New building

Trustees at the University of Akron have approved $540,000 in design fees to construct a new facility to house the School of Law. The new facility, which would cost $23.6 million in total, would be funded with $10 million in donations and tuition and $13.6 million in state money. While the plan is not yet set in stone, Martin Belsky, the dean of the law school, has said that "I believe it's 90 percent sure" that the construction will occur.[15]

The plan calls for the demolition of the Buckingham Building, in order to accommodate the two-story, 95,600-square-foot project.


After graduating from Kent State University, Ohio congresswoman Betty Sutton received her J.D. from Akron law. In 2006, she defeated Craig L. Foltin for Ohio's 13th congressional district and was successfully re-elected in 2008. In the 110th Congress, Sutton was a member of the United States House Committee on the Judiciary, and in the 111th Congress, Sutton is a member of the United States House Committee on Energy and Commerce.

The current mayor of Akron, Ohio, Don Plusquellic, received his J.D. from Akron law, and was a private practice attorney at the time of his election in 1987.[16]

More than 160 graduates of the law school have gone on to serve in state and federal judicial positions, and several of them have attained high repute. Alice M. Batchelder received her J.D. from Akron in 1971 and is the longest current serving federal judge on the United States Court of Appeals for the Sixth Circuit, having been appointed by George H.W. Bush in 1991.[17]

Deborah L. Cook received her J.D. from Akron in 1978. Having previously served as a justice for the Supreme Court of Ohio from 1995 to 2003, she was appointed by George W. Bush in 2003 to serve on the Sixth Circuit alongside Batchelder.[18] They were both touted by the media as possible nominations of George W. Bush for the Supreme Court,[19][20] and Cook was seen as a possible McCain appointment, had he been elected President.[21]

Among the school's graduates who have gone on to be United States district court judges are James S. Gwin, Peter C. Economus, Samuel H. Bell, and John R. Adams.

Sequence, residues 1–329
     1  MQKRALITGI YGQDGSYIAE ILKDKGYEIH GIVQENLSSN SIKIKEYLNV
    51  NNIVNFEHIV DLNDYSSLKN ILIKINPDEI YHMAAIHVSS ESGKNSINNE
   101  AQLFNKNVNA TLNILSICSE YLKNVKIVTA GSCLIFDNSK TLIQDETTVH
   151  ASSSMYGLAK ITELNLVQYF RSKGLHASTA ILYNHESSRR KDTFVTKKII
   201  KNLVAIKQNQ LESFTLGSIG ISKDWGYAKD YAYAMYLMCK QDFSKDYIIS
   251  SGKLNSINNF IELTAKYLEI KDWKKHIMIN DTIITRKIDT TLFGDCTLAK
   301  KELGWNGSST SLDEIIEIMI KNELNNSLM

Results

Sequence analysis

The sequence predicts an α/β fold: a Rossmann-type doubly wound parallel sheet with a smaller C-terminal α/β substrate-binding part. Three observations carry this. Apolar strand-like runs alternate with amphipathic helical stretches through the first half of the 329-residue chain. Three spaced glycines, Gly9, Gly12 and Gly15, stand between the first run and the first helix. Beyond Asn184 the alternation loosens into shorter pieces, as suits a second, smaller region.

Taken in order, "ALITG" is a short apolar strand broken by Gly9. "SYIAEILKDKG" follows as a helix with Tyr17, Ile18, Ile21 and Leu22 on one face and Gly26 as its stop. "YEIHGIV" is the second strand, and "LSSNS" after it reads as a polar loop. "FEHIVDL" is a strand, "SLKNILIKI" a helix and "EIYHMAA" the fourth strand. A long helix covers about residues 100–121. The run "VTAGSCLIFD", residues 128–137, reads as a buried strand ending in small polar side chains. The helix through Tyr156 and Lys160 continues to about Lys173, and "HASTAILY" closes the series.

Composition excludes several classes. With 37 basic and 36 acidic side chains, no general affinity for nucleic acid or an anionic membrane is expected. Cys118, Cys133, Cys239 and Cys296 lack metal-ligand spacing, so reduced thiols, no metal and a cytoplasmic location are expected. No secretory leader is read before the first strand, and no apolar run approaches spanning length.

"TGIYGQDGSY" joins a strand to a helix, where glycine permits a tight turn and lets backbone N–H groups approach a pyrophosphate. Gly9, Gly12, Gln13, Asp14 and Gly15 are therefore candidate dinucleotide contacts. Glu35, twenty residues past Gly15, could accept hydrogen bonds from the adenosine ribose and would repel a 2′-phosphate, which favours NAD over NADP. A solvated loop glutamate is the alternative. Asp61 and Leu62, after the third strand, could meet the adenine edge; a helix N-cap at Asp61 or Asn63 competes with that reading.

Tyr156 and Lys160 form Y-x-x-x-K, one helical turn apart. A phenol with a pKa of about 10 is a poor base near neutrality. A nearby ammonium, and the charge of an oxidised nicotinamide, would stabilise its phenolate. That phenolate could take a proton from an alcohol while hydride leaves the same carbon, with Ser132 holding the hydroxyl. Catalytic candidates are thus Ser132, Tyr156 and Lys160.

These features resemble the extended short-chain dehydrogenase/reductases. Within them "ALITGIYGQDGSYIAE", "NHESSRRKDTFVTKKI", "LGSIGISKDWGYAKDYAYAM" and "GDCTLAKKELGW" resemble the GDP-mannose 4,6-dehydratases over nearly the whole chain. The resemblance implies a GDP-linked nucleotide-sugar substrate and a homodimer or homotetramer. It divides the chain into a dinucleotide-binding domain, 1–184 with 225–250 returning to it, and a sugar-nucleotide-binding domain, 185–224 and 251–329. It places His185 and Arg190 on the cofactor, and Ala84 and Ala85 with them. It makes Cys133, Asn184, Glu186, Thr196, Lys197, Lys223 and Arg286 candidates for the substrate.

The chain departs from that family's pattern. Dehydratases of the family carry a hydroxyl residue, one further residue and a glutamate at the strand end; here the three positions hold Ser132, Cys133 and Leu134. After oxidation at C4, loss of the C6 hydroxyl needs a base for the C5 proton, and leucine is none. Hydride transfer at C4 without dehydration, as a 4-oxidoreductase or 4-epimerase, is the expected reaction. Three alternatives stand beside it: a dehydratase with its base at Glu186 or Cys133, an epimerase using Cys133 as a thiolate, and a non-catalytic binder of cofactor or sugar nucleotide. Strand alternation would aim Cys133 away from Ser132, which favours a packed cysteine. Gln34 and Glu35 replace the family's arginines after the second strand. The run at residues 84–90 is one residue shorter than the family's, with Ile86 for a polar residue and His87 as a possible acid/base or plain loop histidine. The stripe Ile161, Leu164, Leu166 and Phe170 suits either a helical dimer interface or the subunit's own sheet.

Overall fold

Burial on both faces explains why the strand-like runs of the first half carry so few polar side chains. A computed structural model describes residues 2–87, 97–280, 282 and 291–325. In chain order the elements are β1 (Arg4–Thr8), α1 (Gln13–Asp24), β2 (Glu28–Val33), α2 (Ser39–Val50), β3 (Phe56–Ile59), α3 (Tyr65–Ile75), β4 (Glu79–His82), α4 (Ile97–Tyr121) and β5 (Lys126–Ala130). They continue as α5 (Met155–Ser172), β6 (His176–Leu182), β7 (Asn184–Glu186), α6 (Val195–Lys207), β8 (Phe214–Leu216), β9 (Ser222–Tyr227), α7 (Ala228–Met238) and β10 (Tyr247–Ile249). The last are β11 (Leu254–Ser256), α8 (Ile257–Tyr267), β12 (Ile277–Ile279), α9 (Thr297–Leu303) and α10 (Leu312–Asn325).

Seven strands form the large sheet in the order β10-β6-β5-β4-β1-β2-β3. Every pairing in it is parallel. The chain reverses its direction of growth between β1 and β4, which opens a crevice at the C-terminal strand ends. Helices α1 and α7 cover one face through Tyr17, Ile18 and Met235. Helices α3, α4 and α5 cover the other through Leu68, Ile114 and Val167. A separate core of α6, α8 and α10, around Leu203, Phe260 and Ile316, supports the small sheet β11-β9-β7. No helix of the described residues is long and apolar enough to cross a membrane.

1. ^ "2008 NACUBO Endowment Study". NACUBO. Retrieved December 30, 2009.  
  2. ^ US News Best Graduate Schools. Retrieved on Jan. 4, 2009.
  3. ^ Akron's Record of Ohio Bar Exam Success Retrieved on 4, 2009.
  4. ^ 2009-2010 Tuition, Fees, and Budget Retrieved on June 16, 2009.
  5. ^ ABA Info Retrieved on March 4, 2009.
  6. ^ a b School of Law Indicators of Excellence, Retrieved on March 26, 2009.
  7. ^ University of Akron "Quick Facts" Retrieved on March 4, 2009.
  8. ^ Specialized Study Retrieved on March 4, 2009.
  9. ^ Joint Degree Programs Retrieved on March 4, 2009.
  10. ^ "LL.M. in Intellectual Property Law" index Retrieved on March 4, 2009.
  11. ^ "IP Program Tied Fifth in the Nation" Retrieved on March 4, 2009.
  12. ^ "About the Akron Intellectual Property Journal" Retrieved on March 4, 2009.
  13. ^ "Honors to Law Program" Retrieved September 11, 2009
  14. ^ Fall 2009 Entering Class: Applicant Pool and Entering Class Profile Retrieved September 11, 2009.
  15. ^ "UA moves forward with plans for new law building" - Retrieved December 17, 2009
  16. ^ Don Plusquellic's bio at the Office of the Mayor Retrieved on June 17, 2009.
  17. ^ History of the Sixth Circuit, "Alice M. Batchelder" Retrieved on March 4, 2009.
  18. ^ History of the Sixth Circuit, "Deborah L. Cook" Retrieved on June 17, 2009.
  19. ^ USA TODAY: "For divided high court, two potential legacies" Retrieved on March 4, 2009.
  20. ^ The Washington Post: "President To Name Nominee For Court" Retrieved on June 17, 2009.
  21. ^ LegalNewsline: "Washington observers weigh in on potential Supreme Court picks" Retrieved on March 4, 2009.

External links